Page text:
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The prospect of a merger between Barnes & Noble and Borders Group has added an intriguing plot twist to the continuing saga of the retail book business, but analysts are still unsure whether the traditional players in the fast-evolving industry can craft a happy ending to their turbulent story.

The stocks of the two big U.S. bookstore chains jumped this week following news that Borders' biggest shareholder, hedge fund Pershing Square Capital, has offered to finance a $960-million (U.S.) merger with Barnes & Noble, its larger competitor, at $16 a share. Investors' excitement over the potential deal also triggered a retreat in the share price of Canada's big publicly traded book retailer, Indigo

Though it's far from certain that such a deal will get done - Barnes & Noble, which has been up for sale since August, is believed to have several bidders kicking its tires - investors nevertheless reacted enthusiastically to the possibility that the two struggling competitors might combine forces, shrink their number of stores and trim their costs as they struggle to transform their business against the fast-growing threat of digital books.

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"You've got to think it would at least buy them some time," one industry analyst said.

That time is needed for the companies to move away from their old business model and fully embrace the future - a future where books exist only in digital form, bought not off a bookshelf but off the Internet, contained not between covers but in the microchips of electronic reading devices.

The digital revolution is hitting the book business faster than a lot of industry watchers predicted - and that has built a hefty amount of uncertainty into the stocks of book retailers, which have seen their stock prices dwindle to bargain levels over the past year.

"The problem is an accelerated adoption of e-books and the increasingly competitive nature of the e-book space could materially obscure near-term earnings visibility," RBC Dominion Securities analyst Tal Woolley wrote in a recent research report on Indigo.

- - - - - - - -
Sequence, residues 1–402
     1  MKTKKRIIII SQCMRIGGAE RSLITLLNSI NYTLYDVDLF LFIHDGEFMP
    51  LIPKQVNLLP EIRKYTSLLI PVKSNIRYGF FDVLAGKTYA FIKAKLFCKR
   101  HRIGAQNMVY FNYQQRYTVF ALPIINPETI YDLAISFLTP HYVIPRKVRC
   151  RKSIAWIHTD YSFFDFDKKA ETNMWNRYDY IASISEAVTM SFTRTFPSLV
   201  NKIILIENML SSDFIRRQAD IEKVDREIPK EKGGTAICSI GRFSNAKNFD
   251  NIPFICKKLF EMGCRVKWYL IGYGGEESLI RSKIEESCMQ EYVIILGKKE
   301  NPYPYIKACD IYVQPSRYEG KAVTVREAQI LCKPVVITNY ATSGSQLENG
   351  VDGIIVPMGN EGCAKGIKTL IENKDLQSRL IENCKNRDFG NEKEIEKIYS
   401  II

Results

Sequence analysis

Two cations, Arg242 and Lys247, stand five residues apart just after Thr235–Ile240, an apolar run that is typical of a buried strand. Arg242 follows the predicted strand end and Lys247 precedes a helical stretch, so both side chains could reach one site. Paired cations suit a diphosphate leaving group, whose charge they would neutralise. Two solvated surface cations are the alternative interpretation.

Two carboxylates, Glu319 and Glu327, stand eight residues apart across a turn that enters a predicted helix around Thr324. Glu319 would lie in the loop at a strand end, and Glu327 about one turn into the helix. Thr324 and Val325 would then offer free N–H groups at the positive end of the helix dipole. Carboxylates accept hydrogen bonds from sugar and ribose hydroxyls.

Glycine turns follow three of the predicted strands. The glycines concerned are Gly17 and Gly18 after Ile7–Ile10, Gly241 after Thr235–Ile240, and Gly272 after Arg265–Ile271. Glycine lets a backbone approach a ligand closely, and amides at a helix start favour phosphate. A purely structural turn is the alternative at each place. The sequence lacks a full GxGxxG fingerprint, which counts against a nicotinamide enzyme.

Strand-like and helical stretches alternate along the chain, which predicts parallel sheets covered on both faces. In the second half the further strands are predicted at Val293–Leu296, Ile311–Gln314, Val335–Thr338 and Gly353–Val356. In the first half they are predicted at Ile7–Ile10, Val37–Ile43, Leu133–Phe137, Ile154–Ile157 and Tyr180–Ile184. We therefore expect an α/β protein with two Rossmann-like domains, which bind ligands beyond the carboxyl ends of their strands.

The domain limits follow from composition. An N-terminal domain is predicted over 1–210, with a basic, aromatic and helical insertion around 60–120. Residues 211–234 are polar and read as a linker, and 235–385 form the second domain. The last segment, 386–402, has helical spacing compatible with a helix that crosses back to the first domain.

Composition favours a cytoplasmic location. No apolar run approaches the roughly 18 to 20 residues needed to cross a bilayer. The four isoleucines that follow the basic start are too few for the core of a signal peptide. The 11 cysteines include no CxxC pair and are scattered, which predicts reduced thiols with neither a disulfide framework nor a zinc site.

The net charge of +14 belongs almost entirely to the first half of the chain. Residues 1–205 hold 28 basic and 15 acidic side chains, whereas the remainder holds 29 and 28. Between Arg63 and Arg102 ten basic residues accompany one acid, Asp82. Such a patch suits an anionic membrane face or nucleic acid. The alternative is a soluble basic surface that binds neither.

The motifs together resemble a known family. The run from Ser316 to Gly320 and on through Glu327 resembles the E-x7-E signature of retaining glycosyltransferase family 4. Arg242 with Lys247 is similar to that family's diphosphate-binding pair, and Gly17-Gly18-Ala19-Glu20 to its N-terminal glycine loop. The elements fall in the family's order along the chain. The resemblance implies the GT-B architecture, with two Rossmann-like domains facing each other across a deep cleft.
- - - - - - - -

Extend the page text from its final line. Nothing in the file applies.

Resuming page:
Indigo's Appeal

Analysts consider Indigo easily the most attractive stock in the small North American book-retailing space. The company offers growing earnings and a healthy 3-per-cent dividend yield.

By comparison, Barnes & Noble and Borders both lost money last year. Analysts say Indigo has been quicker than its U.S. counterparts in seeing the threat of e-books, and moving into non-book products such as toys, as well as developing its own digital strategy with its 59-per-cent-owned Kobo Inc. electronic-books subsidiary.

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However, the competition in e-books is growing more fierce. In addition to and its successful e-book business built around its Kindle reader, Apple Inc. is also ramping up its e-book business, and Google Inc. just launched its online e-book store this week.

Adding to the confusion is the fact that Borders is a minority partner in Kobo, which not only sells digital books but has developed a downloadable e-reading software application as well as its own e-reader device. Kobo is in direct competition with Barnes & Noble's Nook e-reader, which would likely be the platform of choice for a merged Borders/Barnes company. "There is a concern [for Indigo] for sure," said Robert Gibson, analyst at Octagon Capital Corp.

But the digital-books race also brings opportunities. Mr. Gibson said analysts have routinely erred on the conservative side in their forecasts for growth in the digital market. He believes the digital sales numbers built into analysts' financial projections for book retailers are more likely to surpass the Street's targets than fall short of them. "This [digital]market is growing faster than anyone expected," he said. "There may be upside for everyone."

Still, the big question mark is how the market pie will get divided among the e-book competitors.

"The market is growing, but competition … is set to increase, too," Mr. Woolley wrote in a recent note.

Unfinished stories

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Indigo Books & Music

Stores: 396 (various banners)

Wed. close: $15.01, up 21 cents

Trailing 12-month share profit: 99 cemts

Barnes & Noble

Stores: 1,350

Close: $15 (U.S.), down 56 cents

Trail. 12-month share loss: 79 cents


No. of stores: 1,000 (approx.)

Close: $1.38 (U.S.), up 10 cents

Trail. 12-mo. share loss: $1.70

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About the Author
Economics Reporter

David Parkinson has been covering business and financial markets since 1990, and has been with The Globe and Mail since 2000. A Calgary native, he received a Southam Fellowship from the University of Toronto in 1999-2000, studying international political economics. More

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